This brilliant, hefty tome and yet quick read turns the epistolary novel on its head by presenting a researched dossier submitted by the unnamed Illuminae about a sequence of shocking events in the far reaches of space. With a few “researcher notes” amending the files, the dossier contains intercepted memos and emails, dictations of video footage, interviews and AI internal processing.
Indubitably “Young Adult” with two teenaged heroes. Anti-authority, computer hacker Kady and her ex-boyfriend looking for a leader and a romantic reunion, Ezra, play the star-crossing ex-lovers hoping that their story can end less tragically than Romeo and Juliet’s. The tale is also “Sci-fi”, as everything takes place in a far stretch of the universe, first on an illegal mining outpost on an otherwise insignificant planet, and then later on spaceships crossing the void in order to reach a space station. The vastness of space and the loneliness therein are major themes, so too is the breakdown of civilization and order when outside of the view of the rest of humanity.
More interestingly, the subgenres of the novel defy expectation as they morph from one into another. Each holds its own quite convincingly taking the reader on a desperate ride. The first subgenre is militaristic as notions of business, government and military all roil uncleanly together. Then, an unreliable and independent AI abducts the plot. Finally, medical engineering of the nefarious, speculative sort surfaces turning the novel into a full-blown thriller.
The quick pace has the accelerator to the floor the entire time.
I absolutely recommend this is series opener and look forward to the sequels.
Girl-Power, high fantasy comes to vivid realization under Roc Upchurch’s fun, compelling art in Wiebe’s graphic series Rat Queens. The Queens are an irreverent band of mercenaries dealing in death, mayhem and hedonism. With a bounty on their heads.
Betty, the shroom-popping drunken smidgeon [think: hobbit], is busy chasing women when not thieving and skulking. Dee, the atheist healer human, is the daughter of squid-worshiping zealots. Violet, the hipster battle-dwarf, seeks her own destiny despite her male twin’s best efforts. And, finally, Hannah, is the goth-elf mage with the heart of an S&M madame.
Money, vengeance and pleasure guide their lives in what proves to be a romp of a series.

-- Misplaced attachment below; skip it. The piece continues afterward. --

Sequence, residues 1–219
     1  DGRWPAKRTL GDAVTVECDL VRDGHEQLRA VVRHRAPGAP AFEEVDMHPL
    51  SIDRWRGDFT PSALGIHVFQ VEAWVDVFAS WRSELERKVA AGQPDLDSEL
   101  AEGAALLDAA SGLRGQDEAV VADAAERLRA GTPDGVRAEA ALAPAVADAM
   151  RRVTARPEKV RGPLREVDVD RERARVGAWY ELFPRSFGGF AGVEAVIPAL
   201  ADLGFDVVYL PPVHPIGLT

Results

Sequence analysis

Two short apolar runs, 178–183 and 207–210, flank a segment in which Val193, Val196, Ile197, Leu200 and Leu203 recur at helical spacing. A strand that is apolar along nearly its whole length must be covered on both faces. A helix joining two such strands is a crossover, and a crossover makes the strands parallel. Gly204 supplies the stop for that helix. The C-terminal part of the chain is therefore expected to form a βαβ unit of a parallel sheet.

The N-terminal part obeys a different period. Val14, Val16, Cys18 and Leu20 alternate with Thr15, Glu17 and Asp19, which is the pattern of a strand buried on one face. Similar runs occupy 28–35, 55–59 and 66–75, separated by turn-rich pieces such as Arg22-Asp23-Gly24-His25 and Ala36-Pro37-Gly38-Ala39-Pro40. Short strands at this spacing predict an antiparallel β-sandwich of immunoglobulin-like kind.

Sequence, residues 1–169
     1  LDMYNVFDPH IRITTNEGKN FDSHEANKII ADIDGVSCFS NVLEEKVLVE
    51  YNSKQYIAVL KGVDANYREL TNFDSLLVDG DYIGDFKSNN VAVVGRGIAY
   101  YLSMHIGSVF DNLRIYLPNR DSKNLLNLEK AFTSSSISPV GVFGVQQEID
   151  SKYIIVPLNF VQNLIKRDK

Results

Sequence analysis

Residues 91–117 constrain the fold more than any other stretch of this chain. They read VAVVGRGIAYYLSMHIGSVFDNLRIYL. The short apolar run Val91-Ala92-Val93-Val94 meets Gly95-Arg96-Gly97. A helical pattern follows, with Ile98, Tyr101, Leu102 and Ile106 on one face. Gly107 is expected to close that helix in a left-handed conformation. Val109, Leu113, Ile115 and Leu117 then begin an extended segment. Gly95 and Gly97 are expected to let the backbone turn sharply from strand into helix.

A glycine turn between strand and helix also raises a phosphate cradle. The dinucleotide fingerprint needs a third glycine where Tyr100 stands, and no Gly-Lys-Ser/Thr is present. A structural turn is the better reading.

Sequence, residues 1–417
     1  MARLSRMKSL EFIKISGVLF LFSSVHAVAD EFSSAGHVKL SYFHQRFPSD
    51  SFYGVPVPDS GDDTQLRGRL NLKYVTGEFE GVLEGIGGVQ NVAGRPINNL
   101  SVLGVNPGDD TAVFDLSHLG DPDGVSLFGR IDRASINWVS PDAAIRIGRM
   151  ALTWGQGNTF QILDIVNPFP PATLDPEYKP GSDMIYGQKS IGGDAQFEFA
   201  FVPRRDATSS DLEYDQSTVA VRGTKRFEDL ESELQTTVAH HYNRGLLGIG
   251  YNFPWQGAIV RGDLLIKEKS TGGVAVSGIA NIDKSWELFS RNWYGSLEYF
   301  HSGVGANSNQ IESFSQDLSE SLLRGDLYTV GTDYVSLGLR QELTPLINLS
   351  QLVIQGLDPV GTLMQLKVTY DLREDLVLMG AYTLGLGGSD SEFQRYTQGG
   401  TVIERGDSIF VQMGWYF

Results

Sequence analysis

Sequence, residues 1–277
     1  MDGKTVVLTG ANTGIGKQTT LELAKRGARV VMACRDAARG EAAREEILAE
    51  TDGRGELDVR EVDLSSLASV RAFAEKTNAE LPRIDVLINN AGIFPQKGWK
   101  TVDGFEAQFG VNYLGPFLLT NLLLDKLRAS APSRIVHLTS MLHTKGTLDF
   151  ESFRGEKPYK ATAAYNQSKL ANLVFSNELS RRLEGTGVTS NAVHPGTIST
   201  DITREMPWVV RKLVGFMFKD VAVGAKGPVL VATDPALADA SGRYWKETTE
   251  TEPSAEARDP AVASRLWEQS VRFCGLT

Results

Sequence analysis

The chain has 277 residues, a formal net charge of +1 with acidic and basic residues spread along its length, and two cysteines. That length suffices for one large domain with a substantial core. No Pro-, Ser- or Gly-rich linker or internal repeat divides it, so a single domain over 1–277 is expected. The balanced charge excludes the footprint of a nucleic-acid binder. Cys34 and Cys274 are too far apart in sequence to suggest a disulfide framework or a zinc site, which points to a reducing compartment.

The highly anticipated the sequel to Trees, Vol. 1, again drawn by Jason Howard, arrives with a narrower focus than the premiere volume which showed five different socio-cultural reactions across the world to the phenomenon of massive alien “trees” slamming down onto Earth and then lying dormant for 10 years.
This volume restricts its world view to Manhattan and Britain. The urban landscape of Manhattan remains flooded and decimated from the introduction of its tree. A man raised in its wake with a bone to pick with the police force’s handling of the original event has just been named Mayor-Elect. He leans into his ties to the lower Manhattan Underworld to achieve revenge . . .
Meanwhile, Dr. Joanne Creary barely survived the awakening of the Blindhail Tree on Svalbard. She witnessed the interaction between the alien black “Blindhail Poppies” and the tree and is reassigned to the only tree in Britain. It sits in the desolate Orkneys and her job is to be vigilant, and report what she sees.
Despite the vast differences between the two focal locations, the parallels arise quickly between the disparate scenes aided by Howard’s able art where the scar from a bullet wound may mirror a neolithic stone circle . . .
The development is fascinating, even as the endgame remains a mystery.
Stunning visuals lead the way with this dystopian graphic novel of a sci-fi off-planet society of sheltered “citizens” and starved “fringers” rumored to be barely human cannibals. The State-controlled media keeps a tight rein on its image, its heroes and its enemies of the State. It’s all propaganda with the biggest “hero” being nothing more than a glorified soap opera actor. That is, until his popularity makes him an extinguishable threat, too.